Let Me In Directed by: Matt Reeves Written by: Matt Reeves (screenplay), John Ajvide Lindqvist (book) Starring: Kodi Smit-McPhee, Chloe Moretz, Richard Jenkins, and Elias Koteas
Cinema purists (this one included) were dreading the inevitable day they would have to sit through an American remake to the beloved Swedish film Let the Right One In. It was the vampire movie that didn’t suck, and we’d be damned if Hollywood was going to take that away from us with a big budget redo with A-list stars. Some watchers would never let this one in; never consider the possibility that it could be good. They’d be missing out.
As it turns out, Let Me In is a surprisingly competent remake of the excellent Swedish version. Like so many other films, this one originated in literature, though the films are more widely known. Matt Reeves, known mostly for Cloverfield, takes the story from Sweden to Reagan-era New Mexico. A seemingly odd choice, but setting it in a desert during winter effectively recreates the barren Swedish landscape so vital to the mood of the original.
The Girl Who Played with Fire Directed by: Daniel Alfredson Written by: Jonas Frykberg (screenplay), Sieg Larsson (book) Starring: Noomi Rapace, Michael Nyqvist, Georgi Staykov, and Lena Endre
Lisbeth Salander (Noomi Rapace) is one with her computer, an ideal that this Swedish adaptation of the Swedish bestseller makes all too clear by framing a close-up of her eyes and projecting the screen she sees over them. It’s an indelible, near-iconic image, and the film’s sole upstaging of the book.
The weak link in the adaptation of Stieg Larsson’s first book in The Millennium Trilogy, The Girl With the Dragon Tattoo, was that it broke the suspense of the serial killer investigation by becoming almost as emotionally detached as its troubled heroine. Salander is the undeniable strength of both the books and the movies. Larsson has noticeably more invested in penning her part of the story, and both directors (Daniel Alfredson in this movie) have clearly had a ball unraveling her tale.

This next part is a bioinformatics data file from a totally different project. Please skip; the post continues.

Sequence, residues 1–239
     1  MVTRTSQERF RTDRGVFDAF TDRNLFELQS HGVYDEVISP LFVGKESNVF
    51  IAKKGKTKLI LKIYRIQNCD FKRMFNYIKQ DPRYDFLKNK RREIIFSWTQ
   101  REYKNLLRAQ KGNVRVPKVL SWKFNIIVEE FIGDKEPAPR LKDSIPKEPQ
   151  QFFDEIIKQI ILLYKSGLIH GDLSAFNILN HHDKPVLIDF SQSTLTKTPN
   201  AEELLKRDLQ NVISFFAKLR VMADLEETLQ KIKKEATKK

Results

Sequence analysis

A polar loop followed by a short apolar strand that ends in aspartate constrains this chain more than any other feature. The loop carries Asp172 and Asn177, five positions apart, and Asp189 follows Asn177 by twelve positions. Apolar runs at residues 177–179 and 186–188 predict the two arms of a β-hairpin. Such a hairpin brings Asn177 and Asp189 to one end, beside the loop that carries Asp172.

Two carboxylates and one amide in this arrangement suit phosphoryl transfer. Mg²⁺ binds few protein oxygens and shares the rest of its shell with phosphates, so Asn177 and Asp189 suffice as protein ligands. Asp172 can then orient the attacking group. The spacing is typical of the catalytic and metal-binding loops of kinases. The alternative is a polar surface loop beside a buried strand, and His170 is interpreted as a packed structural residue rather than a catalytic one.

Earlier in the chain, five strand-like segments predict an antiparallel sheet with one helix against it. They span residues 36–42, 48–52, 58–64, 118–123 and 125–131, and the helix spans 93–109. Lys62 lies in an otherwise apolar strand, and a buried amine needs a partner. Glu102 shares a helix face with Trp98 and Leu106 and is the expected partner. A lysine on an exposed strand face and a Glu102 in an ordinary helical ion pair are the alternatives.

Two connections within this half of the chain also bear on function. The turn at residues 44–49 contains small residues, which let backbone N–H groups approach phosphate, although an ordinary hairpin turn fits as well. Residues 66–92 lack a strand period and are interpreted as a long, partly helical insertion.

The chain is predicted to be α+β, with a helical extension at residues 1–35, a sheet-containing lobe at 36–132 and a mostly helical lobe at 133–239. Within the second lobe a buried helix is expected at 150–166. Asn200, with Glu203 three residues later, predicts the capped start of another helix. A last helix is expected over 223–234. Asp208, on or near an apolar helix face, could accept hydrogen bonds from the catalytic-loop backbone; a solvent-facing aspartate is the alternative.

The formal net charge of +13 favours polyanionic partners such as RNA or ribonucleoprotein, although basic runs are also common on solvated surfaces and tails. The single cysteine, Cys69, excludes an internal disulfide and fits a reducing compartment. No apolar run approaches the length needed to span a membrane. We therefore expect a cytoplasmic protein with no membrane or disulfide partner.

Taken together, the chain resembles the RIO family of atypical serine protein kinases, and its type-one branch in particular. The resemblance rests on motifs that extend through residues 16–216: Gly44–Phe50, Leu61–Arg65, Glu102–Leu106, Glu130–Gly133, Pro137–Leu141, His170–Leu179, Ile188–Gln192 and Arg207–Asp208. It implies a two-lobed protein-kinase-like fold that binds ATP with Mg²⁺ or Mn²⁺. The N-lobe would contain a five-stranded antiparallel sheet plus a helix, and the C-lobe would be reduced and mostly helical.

The Girl With the Dragon Tattoo Directed by: Niels Arden Oplev Written by: Nikolaj Arcel & Rasmus Heisterberg (screenplay), Sieg Larsson (novel) Starring: Noomi Rapace, Michael Nyqvist, Peter Haber, and Sven-Bertil Taube
No matter how many times it happens, it is always a disappointment when a movie adapted from a book doesn’t live up to its source material. It happens too often, usually because it’s trying to please the fans or just doesn’t translate well as a movie. Neither of these are the problem with The Girl With the Dragon Tattoo, it’s that the wrong things were cut and not enough was condensed from the 600 page novel to keep a film viewer engaged.
For all of its narrative bumps, the chief success of this movie is capturing the grotesque and demented sense of discovery you get reading Stieg Larsson’s best-seller. It follows Mikael Blomkvist (Michael Nyqvist), a disgraced Swedish journalist who leaves his self-financed magazine Millennium to help it survive his blighted reputation. He is contacted by Henrik Vanger, an aging business tycoon looking to tie up his loose ends. He wants Blomkvist to help solve the 40 year old murder of his niece Harriet. Blomkvist retreats to the island where the murder takes place, and where all the bitter Vanger family/suspects still reside. Aided by the hacker Lisbeth Salander (Noomi Rapace), Blomkvist embarks on a treacherous investigation that puts them on the tail of a serial killer that may or may not have killed Harriet.